The Chairman of the Authority of Heads of State and Government of ECOWAS, President Nana Addo Dankwa Akufo-Addo has urged Member States to take measures to enforce the decisions of the Abuja based Community Court of Justice for a stronger integration of the region.

The President said at the opening of the 11th external court session of the Court in Accra on Monday, 21st March 2020 that the Court’s best efforts at delivering on its mandate were being constrained by the poor rate of enforcement which stands at 30 per cent.

“Unless Member States comply with the judgments of the of the ECOWAS Community Court of Justice, it will be difficult to build public confidence the court (and) I appeal to all Member States to ensure that they comply with their Treaty obligations by serving and obeying the judgments of the Court, “ the President said at the ceremony.

In this regard, he urged the nine Member States that have not done so to appoint their competent national authorities for the enforcement of the judgements of the Court to do so without further delay in line with Article 24 (4) of the 2005 Supplementary Protocol on the Court.

Resolving the vexed issue of the enforcement of the decisions of the Court requires Member States to ‘determine the competent national authority for the purpose of receipt and processing of execution and notify the Court accordingly.”

The President also spoke to the requirement that applicants can approach the court without exhausting local remedies contrary to the practice among international courts urging the Court to align its practice and procedures with the generally recognized rules of international courts in other to obviate any potential conflict with national courts and governments.

By aligning with the practice and procedure of other international courts in this regard, the President said the Court will contributing to the systematic development of its authority, adding that as the guarantor of Community norms, the Court has a strategic role to play in its integration.

The chairman also said it was time to revisit the 2018 reduction in the number of judges of the Court from the seven provided in the initial Protocol on the Court to five in 2018 as part of the restructuring of the Community and its institutions, noting that by strengthening the Court, the Community will be providing the enabling legal environment for the integration of the region.

“ We must refocus the judicial mandate of the Court to hasten the integration process (and) it is time for a Community legal order and the harmonization of the legal and judicial systems of Member States.

“National sovereignty should not be an impediment to the realization of our Community objectives… all that is needed is the necessary political will, he added.

In his speech, the President of the Court, Honorable Justice Edward Amoako Asante commended the Republic of Ghana for hosting the session, noting that the presence of the Chairman as well as ‘key political and judicial actors is a clear demonstration of the country’s respect for the rule of law as well as the respect and consideration you have for the Community.”

He said that the two week session is one of the key activities of the Court in line with Article 26 (1) of the Protocol on the Court which allows it to sit in the territory of another Member State where the circumstances or facts of the case so demand.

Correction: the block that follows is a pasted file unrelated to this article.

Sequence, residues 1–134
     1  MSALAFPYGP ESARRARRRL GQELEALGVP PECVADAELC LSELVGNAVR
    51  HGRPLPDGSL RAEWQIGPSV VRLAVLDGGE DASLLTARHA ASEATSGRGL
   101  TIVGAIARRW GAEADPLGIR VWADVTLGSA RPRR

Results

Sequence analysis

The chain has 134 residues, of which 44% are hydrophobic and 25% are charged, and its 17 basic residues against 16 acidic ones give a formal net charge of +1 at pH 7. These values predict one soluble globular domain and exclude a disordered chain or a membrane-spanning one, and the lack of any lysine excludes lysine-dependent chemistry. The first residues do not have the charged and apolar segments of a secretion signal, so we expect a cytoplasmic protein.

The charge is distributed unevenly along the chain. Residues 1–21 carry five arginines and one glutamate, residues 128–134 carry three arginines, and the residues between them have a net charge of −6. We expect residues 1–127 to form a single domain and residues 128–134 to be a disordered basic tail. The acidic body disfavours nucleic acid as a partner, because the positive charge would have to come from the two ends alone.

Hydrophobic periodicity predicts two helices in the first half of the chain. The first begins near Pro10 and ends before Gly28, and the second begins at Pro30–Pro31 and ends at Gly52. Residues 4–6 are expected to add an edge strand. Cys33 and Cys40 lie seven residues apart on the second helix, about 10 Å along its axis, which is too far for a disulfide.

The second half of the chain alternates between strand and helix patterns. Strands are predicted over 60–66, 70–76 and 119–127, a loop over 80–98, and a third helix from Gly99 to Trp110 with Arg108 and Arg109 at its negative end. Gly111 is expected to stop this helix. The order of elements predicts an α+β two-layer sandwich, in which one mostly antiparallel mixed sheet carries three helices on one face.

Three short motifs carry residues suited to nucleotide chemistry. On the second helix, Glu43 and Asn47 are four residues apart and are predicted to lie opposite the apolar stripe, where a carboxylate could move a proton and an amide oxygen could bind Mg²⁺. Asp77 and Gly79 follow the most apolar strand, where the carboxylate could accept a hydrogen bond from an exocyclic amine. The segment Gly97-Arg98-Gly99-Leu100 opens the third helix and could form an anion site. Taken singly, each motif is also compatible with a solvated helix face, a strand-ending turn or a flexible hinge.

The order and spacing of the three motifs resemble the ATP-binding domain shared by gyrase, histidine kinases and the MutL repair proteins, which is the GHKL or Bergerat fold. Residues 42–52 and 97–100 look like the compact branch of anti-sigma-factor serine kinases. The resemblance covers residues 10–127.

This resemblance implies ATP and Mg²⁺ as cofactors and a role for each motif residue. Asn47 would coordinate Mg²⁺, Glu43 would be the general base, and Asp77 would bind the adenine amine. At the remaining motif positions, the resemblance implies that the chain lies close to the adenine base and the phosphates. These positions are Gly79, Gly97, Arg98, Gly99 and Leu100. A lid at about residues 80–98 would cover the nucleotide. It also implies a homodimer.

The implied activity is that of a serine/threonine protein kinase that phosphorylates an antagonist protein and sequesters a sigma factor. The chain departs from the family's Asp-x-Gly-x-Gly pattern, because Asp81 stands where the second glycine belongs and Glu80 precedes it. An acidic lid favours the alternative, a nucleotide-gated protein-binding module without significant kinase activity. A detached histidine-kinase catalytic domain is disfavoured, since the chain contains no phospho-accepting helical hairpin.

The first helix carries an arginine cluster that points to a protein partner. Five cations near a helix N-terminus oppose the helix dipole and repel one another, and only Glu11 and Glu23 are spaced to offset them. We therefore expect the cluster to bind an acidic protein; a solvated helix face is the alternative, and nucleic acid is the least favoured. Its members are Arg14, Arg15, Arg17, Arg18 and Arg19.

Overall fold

Moreover, he said that such sessions enable the ECOWAS citizens to observe the court in session, bring justice to the grassroots particularly for indigent applicants who could otherwise not afford the cost of approaching the court as well as enable the court to create awareness of its mandate, jurisdiction, practice and procedure in order to enable citizens take ownership of the Court.

The President said the sessions, which had been held since 2007 in Niamey, Bamako, Porto Novo, Ibadan (Nigeria), Lome, Guinea Bissau and Abidjan, also enables the Court to deepen relations with the national courts of Member States.

He emphasized that the regional court is not an appellate court over national courts although they exercise concurrent jurisdiction in respect of human rights, adding however that the ECOWAS Court only entertain complaints of human rights violations that pertain to the international and Community obligations which Member States are signatory.

“Therefore, we are only concerned with Applications against Member States in respect of their Treaty obligations to respect, protect and fulfil human rights obligations within their territories,” he added.

He express the ‘deep concern’ of the Court about the challenge of the poor enforcement of its decisions by national courts arising mainly from the lack of domestication of the 1993 Revised Treaty and Protocols on the Court by some Member States.

Justice Asante also listed other militating circumstance to include the lack of implementing legislation in Member States that will empower national courts to recognize and enforce the judgments of the court, resulting in the States enforcing the decisions at their convenience.

He also complained about the absence of referrals from national courts on issues related to integration and on which the regional Court has exclusive jurisdiction.

Sixty cases are listed for the session with 26 of them scheduled for judgment.